Michael wrote an excellent, in-depth, review of the iPhone 3G. It is especially good because this is his first iPhone, and his impressions are fresh.
Think about it, the iPhone + the AppStore could be a major paradigm shift in how people look at “computers”. For many people, the iPhone can be the only computer they need. Why do I need a big beige box, or a laptop anymore?
I’m not talking about the geeks. I’m talking about normal people: my mom, a teenager, the cashier at Wal-Mart. How do these people use their computers now? Email. Web browsing. Facebook. A bit of IM. Maybe some Youtube. Music. And a couple games. What if I device the size of a deck of cards could do all of that? It fits in your pocket, gets Internet anywhere, and costs $200.
The one downside to this argument is the lack of a proper word processor and an Office suite. If the iPhone eventually is able to pair with a bluetooth keyboard, I could see some people using it to take notes and type up short documents, but practically speaking, people want a bigger screens for that. Video editing, graphic design, and high-end photo editing will obviously be reserved for desktops.
It is an interesting point, and worth considering, because it is clear people want mobility. Notebook PCs have outsold desktop PCs, but most people do not need a notebook for what they do. They need access, as Michael explains, to email, the web, and social networking — none of which is dependent, or even better experienced, on a full-fledged PC. A mobile device like the iPhone fits this role perfectly.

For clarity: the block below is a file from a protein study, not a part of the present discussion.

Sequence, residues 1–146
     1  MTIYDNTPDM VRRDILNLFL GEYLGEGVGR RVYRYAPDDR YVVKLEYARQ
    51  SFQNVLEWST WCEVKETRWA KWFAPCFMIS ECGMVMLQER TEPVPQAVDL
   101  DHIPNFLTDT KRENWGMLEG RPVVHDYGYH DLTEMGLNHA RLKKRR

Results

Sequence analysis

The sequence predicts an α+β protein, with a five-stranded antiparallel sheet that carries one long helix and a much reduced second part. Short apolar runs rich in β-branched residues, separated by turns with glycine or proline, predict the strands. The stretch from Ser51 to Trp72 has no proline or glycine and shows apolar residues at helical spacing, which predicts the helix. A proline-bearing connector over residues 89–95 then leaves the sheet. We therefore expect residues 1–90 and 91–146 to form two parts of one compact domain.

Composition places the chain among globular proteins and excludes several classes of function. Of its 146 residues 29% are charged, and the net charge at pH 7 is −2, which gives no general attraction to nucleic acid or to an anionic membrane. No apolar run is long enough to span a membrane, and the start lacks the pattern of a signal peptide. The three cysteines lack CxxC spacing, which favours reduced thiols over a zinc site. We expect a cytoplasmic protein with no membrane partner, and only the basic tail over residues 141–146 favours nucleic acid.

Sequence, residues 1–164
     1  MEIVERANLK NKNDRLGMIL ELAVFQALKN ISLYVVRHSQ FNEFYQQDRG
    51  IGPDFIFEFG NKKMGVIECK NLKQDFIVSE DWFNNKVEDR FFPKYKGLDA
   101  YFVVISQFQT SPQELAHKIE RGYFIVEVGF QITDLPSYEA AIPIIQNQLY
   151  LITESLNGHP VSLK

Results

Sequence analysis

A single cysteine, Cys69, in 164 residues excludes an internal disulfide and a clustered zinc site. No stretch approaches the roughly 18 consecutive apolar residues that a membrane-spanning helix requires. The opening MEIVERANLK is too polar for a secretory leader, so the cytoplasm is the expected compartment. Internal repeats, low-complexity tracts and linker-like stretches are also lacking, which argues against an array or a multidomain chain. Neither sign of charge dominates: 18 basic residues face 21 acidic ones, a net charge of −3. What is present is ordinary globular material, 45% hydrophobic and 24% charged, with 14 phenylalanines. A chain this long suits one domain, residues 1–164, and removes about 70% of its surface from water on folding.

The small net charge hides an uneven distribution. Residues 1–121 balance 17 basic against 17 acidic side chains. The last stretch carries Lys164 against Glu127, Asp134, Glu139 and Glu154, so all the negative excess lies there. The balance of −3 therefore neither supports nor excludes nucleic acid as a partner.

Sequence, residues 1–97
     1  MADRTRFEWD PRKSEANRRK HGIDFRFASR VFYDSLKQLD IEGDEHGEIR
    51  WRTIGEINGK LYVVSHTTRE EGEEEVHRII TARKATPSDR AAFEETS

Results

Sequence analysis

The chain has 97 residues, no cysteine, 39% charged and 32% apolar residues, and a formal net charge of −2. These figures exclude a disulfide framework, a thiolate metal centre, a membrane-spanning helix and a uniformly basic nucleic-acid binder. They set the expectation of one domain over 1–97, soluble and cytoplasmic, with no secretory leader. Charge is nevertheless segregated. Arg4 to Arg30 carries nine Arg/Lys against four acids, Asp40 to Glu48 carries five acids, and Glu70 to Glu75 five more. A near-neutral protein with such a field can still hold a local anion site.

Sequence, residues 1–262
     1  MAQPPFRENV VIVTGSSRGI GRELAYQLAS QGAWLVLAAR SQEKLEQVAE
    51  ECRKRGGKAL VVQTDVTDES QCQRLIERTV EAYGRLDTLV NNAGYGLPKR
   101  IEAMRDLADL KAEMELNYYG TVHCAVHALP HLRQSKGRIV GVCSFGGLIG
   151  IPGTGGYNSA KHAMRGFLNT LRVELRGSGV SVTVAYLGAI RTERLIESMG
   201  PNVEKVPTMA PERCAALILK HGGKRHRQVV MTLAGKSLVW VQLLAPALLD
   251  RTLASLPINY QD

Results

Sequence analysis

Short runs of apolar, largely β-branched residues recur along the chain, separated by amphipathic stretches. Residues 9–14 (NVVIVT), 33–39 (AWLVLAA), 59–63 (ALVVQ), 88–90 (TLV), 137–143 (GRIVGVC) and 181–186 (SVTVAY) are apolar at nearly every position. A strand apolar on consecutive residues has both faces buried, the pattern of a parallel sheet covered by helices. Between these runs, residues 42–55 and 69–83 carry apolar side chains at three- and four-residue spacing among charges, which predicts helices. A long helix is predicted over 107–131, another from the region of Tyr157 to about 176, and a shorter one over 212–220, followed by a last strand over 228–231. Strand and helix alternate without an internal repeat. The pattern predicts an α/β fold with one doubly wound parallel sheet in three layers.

It begs the question, then, of how people’s use of computers will change. Will they continue buying notebooks so they can use the web away from their desks, or will they buy mobile devices like the iPhone — the “post-PC” — for mobile use, and a powerful, affordable desktop for work?
Or will there be a mix somewhere in-between? I own both an iPhone and a Macbook Air, which I use as my primary computer. While as a student I depend on the Macbook Air’s mobility, I am not going to be a student for long. I still benefit from that mobility, though; I do freelance web design, and being able to pick up the Macbook Air and go to a cafe or a meeting with a client is invaluable.
Yet I also find myself looking at the iMac’s store page often, because I would benefit from its large monitor and, most importantly, its GPU and large hard drive.
From this perspective, which is a web professional one who works on a computer most of the time, I can see the Macbook Air, and perhaps a large swatch of notebook PCs, moving to a more niche position. Rather than have a full-purpose CPU, GPU and hard drive, notebooks would adopt Intel’s Atom processor, small and affordable hard drives, and a small, Macbook Air-like form factor. With a “full-sized” screen and keyboard, these notebooks would sell for under $1,000 — preferably for $799 or under.
We would then have three devices: a powerful desktop for power and screen-intensive work; a mildly powerful, mobile notebook for general work; and a post-PC device for ubiquitous communication.